Tour de France officials have flatly denied newspaper reports that on top of London's successful Olympic candidature, they would also be announcing next week that the UK capital will host the start of the Tour de France in 2007.
London is strongly believed to be the best-placed candidate of six cities currently bidding for the 2007 Grand Départ - which would include an evening prologue centred on Trafalgar Square.
But the Tour is keeping its cards hidden as to who will get the start - and more so after a day when London was awarded the Olympics at Paris's expense.
"We would definitely not make such an announcement about another start during the Tour itself," said race director, Christian Prudhomme. "We have already stated that this decision was not going to be published until October, certainly not next week. There's no hurry at all."
Race officials had already stated in March that the Tour was delaying announcing the 2007 start location until the autumn "in order to avoid influencing the Paris bid".
After yesterday's awarding of the 2012 Olympics to London, local morale was hardly lifted by the torrential downpours that accompanied yesterday's stage.
Nor were matters helped by a complete absence of Frenchmen in the four-man break which attempted fruitlessly to go clear of the peloton, while the first local rider to make it across the line in the concluding bunch sprint at Montargis was Jean-Patrick Nazon in 11th spot.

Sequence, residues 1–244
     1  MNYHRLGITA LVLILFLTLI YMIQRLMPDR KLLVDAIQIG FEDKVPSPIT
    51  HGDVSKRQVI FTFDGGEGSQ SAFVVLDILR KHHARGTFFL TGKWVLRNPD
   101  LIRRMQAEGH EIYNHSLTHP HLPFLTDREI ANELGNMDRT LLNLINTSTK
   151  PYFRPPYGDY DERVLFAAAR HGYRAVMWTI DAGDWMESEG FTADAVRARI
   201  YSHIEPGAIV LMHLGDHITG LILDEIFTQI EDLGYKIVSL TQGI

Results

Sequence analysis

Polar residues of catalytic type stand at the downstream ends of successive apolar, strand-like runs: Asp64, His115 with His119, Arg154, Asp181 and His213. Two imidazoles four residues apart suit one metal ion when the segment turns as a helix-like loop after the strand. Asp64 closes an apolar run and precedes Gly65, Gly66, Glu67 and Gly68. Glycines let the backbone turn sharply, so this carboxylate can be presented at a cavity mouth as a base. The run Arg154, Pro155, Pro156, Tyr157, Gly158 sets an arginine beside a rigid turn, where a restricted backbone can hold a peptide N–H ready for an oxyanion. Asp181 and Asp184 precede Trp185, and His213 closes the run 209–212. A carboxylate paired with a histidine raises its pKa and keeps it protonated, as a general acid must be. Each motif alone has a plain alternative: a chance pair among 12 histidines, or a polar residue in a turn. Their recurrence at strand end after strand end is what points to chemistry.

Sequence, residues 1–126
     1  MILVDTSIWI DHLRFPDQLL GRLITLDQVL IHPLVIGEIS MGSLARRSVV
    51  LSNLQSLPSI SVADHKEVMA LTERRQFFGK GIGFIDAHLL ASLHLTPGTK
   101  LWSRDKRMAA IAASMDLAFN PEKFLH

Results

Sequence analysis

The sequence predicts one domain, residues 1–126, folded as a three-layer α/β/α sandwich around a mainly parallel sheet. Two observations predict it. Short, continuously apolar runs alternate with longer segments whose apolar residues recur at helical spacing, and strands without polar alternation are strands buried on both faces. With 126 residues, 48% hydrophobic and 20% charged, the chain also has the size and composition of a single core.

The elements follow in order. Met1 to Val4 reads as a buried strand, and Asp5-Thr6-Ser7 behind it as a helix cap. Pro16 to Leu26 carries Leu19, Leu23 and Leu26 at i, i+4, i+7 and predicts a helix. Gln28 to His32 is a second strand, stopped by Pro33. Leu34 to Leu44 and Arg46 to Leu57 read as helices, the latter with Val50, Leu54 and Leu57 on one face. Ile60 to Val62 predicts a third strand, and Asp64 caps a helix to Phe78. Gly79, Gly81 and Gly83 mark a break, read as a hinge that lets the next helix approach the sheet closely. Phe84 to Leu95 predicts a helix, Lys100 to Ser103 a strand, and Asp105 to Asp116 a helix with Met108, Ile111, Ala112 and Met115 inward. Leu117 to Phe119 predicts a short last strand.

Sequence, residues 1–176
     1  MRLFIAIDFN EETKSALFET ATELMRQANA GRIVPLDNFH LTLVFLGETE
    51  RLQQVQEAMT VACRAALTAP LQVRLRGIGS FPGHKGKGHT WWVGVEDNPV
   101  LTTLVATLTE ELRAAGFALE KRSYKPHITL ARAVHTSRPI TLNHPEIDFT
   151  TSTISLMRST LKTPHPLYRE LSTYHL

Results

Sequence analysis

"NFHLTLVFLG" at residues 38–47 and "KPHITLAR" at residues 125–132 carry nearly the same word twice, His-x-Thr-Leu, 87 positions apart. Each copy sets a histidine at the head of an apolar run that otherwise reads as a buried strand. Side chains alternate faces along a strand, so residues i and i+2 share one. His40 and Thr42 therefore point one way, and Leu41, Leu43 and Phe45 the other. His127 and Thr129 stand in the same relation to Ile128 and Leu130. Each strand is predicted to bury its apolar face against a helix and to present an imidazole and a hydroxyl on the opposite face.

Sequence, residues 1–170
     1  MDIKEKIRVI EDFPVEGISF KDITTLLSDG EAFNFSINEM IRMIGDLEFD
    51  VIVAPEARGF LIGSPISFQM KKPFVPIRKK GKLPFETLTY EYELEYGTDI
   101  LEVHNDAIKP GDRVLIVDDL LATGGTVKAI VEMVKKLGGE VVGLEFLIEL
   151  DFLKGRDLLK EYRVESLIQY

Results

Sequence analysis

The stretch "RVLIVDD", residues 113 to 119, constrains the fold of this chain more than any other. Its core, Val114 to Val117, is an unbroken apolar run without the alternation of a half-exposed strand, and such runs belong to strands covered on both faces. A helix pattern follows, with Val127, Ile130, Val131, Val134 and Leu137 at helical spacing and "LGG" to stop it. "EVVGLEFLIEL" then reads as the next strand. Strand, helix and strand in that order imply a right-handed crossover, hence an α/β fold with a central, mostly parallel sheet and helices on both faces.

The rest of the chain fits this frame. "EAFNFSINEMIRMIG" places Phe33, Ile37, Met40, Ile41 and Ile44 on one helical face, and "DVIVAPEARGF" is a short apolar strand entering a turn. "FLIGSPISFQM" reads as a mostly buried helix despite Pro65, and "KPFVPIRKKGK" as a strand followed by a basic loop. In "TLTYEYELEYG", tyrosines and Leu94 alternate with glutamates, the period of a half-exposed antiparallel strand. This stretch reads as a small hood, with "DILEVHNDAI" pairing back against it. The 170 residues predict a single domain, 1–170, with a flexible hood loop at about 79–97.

The day's bouquet of flowers for first place went instead to the Australian Robbie McEwen, who beat his arch rival, Tom Boonen of Belgium, by less than half a wheel in a ferocious charge for the line.
McEwen's sixth Tour stage was what he called "a little bit of revenge" following his disqualification from another bunch sprint 48 hours earlier.
McEwen had rammed his head into the shoulder of his fellow sprinter Stuart O'Grady in the finishing straight at Tours, and was promptly relegated 180 places for his action.
"Guys like Eddy Merckx and Sean Kelly agree with me they [the race officials] took the wrong decision," McEwen argued.
The race officials' intervention at the start of yesterday's racing proved even more unpopular, however. Lance Armstrong had initially refused to wear his leader's yellow jersey out of respect for the rider who had previously held the No 1 spot, Dave Zabriskie.
"He would be wearing the maillot jaune today if he hadn't crashed [in Tuesday's time trial]," said Armstrong, whose decision was in keeping with a cycling tradition stretching back to the days of Merckx.
But to no avail. In full view of the television cameras, Armstrong was obliged to take off his Discovery Channel team jersey and don the yellow.
The Texan's flamboyant explanation of his U-turn - "[The race director] Jean-Marie Leblanc told me that either I wore that jersey or tomorrow I wouldn't be wearing a jersey at all" - was given short shrift by Leblanc himself.
"I was ahead of the race so how could I have told him?" Leblanc said. "It was [cycling's governing body] the UCI's officials who decided."
The irony - that Armstrong considered, as an American outsider, to have little respect for cycling's traditions and then forced to contravene them in the face of implacable officialdom - was lost on nobody.
Alasdair Fotheringham writes for 'Cycling Weekly'Reuse content